When you overhear someone saying this, you can only be in one place—Comic-Con.
I attended my first Comic-Con the other week. Wow, isn’t it big? From its humble beginnings as a comic book convention, it’s grown into a multimedia extravaganza, covering comic books, movies, TV, video games and books. Its sheer size is staggering. Somewhere around 150,000 people attended this year. That’s about 100 times bigger than the average Bouchercon.
Numbers, shnumbers, I say. I’m seasoned. I can handle anything thrown at me. I strode onto the exhibition floor ready for anything and left about twenty minutes later crying. It was total sensory overload. There were so many bright and shiny things to look at that I couldn’t focus. I saw comic book heaven and it hurt. I know how Bruce Banner felt when he got blasted with all those gamma rays. I learned my lesson fast and only returned with a welder’s hood over my head.
Luckily, I didn’t look out of place with my protective headgear. Comic-Con fans aren’t ones for hiding their love under a bushel. No, they’re quite happy to toss their bushels aside for four days. There were plenty of rabid fans dressed up as characters from Star Wars, Star Trek, Batman, Superman, Heroes, 300. You name it, people were dressed up as it. I took a keen interest in the dozens of ladies dressed up as Princess Leia from The Return of Jedi wearing that bikini. You know the one I mean. And as far as I’m concerned, you can’t have enough semi-clad Princess Leias running about. Giada would make a good Princess Leia. Hmm, Giada…
“So what were you doing at Comic-Con, Simon?” I hear you cry. You should be asking why Jemma Jameson was at Comic-Con, but I’ll answer your question. I’m a little bit of a fan boy. As a dyslexic, I took refuge in comic books. Telling stories with pictures was a lifesaver. So it was a little bit of a pilgrimage, but it also turned into a little bit of a busman’s holiday as I was selected for panel duty. I was on a panel entitled “Where did that come from” with F. Paul Wilson, David Morrell, Mike Carey, Chris Golden, Stephen Woodworth, Jeff Marriotte, and Richard Kadrey. This was quite a lineup. Mike Carey has written X-Men scripts and I tried talking him into creating an X-man based on my special powers of mediocrity. He said he’d not think about it. I’m a big David Morrell, so that was neat-o. He asked me a question and it had nothing to do with getting him some water or to get out of a chair because an adult should be sitting there.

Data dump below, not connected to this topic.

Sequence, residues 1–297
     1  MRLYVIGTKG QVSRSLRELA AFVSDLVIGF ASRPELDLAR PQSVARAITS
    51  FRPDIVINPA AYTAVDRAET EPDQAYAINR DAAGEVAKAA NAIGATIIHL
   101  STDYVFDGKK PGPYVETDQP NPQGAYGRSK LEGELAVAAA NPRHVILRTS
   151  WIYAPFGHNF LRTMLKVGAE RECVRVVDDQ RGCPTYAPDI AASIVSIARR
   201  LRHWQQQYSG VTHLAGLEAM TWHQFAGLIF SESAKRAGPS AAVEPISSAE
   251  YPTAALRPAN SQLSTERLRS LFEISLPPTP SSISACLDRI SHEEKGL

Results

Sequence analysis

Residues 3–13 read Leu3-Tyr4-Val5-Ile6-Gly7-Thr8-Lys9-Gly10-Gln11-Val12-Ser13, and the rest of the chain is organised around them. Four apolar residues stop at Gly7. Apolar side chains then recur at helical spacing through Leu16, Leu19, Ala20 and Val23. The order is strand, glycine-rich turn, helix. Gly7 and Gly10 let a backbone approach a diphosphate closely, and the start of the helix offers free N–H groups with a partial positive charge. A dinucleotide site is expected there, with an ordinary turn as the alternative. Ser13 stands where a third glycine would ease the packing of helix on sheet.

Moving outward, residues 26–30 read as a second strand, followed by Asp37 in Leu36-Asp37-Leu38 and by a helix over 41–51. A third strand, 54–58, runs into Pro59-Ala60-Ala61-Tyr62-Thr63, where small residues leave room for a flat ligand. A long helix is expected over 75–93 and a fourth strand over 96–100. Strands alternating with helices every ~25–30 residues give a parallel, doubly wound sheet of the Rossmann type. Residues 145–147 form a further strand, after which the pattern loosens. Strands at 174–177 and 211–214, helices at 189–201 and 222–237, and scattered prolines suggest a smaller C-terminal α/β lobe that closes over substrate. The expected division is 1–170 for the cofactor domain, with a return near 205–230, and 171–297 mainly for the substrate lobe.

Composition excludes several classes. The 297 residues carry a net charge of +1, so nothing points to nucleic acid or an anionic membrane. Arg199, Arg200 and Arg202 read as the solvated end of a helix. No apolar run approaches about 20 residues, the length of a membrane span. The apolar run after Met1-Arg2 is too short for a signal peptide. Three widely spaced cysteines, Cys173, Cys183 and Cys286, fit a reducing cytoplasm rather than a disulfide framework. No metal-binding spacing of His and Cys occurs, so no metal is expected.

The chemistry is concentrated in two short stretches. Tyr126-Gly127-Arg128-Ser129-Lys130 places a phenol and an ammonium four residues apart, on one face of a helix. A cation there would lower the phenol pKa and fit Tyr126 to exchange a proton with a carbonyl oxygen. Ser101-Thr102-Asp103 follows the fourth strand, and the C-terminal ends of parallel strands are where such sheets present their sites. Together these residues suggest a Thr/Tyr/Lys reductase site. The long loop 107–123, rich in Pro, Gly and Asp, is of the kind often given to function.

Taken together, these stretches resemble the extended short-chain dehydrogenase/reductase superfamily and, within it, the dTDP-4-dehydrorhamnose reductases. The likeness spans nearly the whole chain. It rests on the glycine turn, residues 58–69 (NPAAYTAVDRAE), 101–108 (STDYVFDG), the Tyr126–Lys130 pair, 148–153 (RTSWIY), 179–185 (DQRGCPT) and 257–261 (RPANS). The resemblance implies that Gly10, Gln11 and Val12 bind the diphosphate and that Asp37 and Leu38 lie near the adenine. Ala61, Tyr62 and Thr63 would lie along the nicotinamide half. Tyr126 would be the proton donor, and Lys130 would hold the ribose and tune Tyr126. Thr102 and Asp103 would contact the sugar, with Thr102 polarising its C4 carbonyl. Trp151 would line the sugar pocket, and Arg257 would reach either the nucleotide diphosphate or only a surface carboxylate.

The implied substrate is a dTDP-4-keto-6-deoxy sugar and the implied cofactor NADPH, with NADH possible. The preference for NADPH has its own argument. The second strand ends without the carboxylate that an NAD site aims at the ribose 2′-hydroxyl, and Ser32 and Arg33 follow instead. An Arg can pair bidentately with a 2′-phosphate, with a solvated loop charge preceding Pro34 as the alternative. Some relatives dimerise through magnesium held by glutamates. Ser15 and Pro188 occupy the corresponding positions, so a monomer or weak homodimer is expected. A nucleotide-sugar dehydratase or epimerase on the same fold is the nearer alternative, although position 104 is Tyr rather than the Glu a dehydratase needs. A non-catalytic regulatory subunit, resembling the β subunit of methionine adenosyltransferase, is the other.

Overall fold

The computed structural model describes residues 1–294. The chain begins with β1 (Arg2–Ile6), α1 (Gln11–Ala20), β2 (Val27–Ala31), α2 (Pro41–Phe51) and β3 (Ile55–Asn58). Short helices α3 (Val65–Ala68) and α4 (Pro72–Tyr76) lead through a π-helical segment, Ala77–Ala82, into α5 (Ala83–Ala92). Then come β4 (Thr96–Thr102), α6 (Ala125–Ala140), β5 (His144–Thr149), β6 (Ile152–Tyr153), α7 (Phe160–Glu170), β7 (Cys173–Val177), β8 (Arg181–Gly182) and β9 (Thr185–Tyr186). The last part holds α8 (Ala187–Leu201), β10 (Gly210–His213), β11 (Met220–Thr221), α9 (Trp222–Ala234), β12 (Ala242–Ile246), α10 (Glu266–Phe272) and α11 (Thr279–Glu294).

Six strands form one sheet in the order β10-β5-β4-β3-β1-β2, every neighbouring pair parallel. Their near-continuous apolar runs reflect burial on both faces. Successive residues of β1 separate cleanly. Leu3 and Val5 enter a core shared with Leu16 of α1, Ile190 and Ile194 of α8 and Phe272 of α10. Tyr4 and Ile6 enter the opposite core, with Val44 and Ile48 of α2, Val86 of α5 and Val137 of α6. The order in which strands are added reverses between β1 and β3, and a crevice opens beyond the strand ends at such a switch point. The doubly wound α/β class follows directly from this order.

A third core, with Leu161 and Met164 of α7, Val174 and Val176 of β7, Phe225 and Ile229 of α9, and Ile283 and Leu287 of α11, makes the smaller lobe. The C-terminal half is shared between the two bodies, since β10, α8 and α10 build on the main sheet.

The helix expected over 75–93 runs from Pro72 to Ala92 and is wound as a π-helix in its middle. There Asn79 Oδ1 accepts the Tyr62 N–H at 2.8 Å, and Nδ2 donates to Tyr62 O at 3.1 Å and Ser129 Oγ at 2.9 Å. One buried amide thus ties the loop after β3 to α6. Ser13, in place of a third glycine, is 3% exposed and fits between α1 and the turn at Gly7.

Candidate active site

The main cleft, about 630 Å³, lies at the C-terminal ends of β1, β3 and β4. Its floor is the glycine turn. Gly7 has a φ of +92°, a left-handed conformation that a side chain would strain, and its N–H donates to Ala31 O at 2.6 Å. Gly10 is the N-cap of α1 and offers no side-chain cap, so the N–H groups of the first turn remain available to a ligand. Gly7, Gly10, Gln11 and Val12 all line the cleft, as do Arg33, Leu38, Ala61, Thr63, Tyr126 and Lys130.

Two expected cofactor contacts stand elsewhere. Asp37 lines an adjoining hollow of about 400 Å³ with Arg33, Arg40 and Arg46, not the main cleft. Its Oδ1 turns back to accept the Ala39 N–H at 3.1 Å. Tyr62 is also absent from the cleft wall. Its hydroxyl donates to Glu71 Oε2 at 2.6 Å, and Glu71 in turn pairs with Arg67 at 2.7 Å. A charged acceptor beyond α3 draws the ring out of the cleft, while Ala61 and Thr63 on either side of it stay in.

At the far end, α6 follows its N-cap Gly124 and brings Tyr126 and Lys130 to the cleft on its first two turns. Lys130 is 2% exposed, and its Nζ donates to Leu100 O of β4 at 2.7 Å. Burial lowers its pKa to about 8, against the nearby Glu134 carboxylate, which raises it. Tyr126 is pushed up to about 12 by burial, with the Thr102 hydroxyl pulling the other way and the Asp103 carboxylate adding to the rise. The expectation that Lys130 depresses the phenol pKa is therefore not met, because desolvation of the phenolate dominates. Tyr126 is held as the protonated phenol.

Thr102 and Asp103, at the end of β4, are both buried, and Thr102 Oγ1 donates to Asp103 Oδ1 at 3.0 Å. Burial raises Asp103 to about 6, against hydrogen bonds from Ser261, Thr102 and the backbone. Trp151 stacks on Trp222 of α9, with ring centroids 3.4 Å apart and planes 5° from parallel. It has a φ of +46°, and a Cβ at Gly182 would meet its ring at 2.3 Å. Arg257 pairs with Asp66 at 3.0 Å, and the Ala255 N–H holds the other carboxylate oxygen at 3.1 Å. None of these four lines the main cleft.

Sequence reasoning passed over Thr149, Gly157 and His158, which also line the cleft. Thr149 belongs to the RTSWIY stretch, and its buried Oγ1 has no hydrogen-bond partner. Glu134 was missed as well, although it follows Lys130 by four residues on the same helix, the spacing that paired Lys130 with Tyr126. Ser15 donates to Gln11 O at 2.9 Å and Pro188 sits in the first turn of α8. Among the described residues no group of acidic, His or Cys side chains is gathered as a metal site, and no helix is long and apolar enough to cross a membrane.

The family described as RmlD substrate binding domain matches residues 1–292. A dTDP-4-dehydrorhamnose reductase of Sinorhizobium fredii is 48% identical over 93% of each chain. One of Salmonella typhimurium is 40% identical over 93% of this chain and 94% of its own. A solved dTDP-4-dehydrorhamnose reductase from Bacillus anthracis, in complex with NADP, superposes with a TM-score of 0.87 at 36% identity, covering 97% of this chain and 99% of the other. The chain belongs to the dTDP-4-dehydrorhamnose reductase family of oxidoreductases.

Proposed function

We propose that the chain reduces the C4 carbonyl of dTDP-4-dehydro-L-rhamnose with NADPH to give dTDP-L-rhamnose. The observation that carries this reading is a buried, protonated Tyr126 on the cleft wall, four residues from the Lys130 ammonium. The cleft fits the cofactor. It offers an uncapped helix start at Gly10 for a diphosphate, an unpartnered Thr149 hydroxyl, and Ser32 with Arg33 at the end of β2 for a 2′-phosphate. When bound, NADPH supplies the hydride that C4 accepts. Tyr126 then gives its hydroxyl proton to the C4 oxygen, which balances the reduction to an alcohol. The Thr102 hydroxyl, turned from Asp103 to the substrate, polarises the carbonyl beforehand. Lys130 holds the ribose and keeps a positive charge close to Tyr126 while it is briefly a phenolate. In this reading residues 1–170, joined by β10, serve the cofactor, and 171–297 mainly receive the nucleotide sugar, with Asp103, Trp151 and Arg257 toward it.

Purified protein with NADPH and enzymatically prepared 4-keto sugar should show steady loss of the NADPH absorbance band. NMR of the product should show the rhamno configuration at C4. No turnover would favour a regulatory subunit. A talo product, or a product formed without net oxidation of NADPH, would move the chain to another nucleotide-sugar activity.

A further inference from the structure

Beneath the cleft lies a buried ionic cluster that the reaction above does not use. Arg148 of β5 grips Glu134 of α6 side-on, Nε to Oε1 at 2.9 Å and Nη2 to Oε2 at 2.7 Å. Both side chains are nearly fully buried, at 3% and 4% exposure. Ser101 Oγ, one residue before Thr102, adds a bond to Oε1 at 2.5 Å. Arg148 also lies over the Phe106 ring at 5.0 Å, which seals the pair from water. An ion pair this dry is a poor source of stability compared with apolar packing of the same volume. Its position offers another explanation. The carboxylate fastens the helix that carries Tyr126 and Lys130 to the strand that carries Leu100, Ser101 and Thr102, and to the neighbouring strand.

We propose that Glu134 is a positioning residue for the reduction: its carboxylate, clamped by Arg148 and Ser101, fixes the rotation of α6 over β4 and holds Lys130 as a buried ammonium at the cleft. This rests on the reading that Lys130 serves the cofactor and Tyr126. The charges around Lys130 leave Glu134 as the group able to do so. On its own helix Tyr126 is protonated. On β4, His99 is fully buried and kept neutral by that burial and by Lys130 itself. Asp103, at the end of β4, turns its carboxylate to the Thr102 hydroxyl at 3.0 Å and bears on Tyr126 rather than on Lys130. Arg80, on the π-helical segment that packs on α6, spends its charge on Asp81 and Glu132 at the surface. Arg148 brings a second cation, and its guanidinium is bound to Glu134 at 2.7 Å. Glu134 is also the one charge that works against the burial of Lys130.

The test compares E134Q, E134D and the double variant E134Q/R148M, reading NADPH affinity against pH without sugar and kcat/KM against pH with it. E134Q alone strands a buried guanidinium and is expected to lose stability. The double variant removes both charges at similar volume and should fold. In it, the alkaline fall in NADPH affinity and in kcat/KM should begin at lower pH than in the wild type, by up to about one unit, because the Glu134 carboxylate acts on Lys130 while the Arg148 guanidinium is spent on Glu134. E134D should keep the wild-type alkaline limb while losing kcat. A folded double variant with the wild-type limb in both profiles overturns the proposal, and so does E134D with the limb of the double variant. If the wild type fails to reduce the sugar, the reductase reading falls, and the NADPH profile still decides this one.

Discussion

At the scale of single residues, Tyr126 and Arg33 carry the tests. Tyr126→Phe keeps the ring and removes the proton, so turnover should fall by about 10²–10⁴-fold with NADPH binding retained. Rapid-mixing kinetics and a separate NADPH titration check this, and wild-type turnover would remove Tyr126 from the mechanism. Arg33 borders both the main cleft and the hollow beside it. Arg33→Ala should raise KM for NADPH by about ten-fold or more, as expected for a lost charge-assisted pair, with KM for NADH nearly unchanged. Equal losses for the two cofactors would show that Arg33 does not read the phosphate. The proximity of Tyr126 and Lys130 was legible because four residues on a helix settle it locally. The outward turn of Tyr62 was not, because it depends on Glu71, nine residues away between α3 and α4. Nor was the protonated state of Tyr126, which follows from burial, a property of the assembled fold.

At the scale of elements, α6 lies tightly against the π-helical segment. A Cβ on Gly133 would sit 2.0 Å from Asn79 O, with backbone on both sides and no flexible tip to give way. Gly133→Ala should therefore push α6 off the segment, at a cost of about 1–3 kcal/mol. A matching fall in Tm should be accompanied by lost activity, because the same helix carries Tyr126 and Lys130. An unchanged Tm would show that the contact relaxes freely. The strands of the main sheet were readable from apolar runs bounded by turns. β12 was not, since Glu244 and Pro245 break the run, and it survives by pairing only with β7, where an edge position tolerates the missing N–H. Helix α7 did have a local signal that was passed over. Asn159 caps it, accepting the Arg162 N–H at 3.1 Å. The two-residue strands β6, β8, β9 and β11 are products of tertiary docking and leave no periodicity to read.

It was interesting to see how many big name authors are writing comic books these days. Orson Scott Card, Tad Williams, Brad Meltzer and Denise Mina are just a few to have snapped some of the big name superheroes in comics. David Morrell has a Captain America story coming out later this year. I’m hoping this trend continues and an opportunity falls my way. First, it’ll be a dream realized. Having spent years consuming these stories, it would be an honor to return the favor. Secondly, there’s the challenge. I like to tell stories, whether that be novels, short stories, plays, etc. Comic books would be another opportunity to tell stories, but it’s not as easy as it sounds. You really do have to show and not tell, and what is shown has to be laser sharp. There isn’t room for reams of dialog. Telling details have to illustrate a character. The way I would introduce a character in a novel would be totally different in a comic book. It’s a hard discipline, but I think I can do it. The problem is with all these big name authors snapping up the higher echelons of the comic book world, that there isn’t much room for me. As far as I can see, there’s only Atom Ant and Snugglepuss left, but that’s cool. I’ll take the assignment. I know can do it. Heavens to Betsy, I can do it. J
I do have a couple of people to thank for looking after me while I was at the convention. Thanks to Eunice Magill for showing me the ropes and to Maryelizabeth from Mysterious Galaxy bookstore for the panel assignment and for embarrassing me in public. She knows what she did.
Yours a caricature,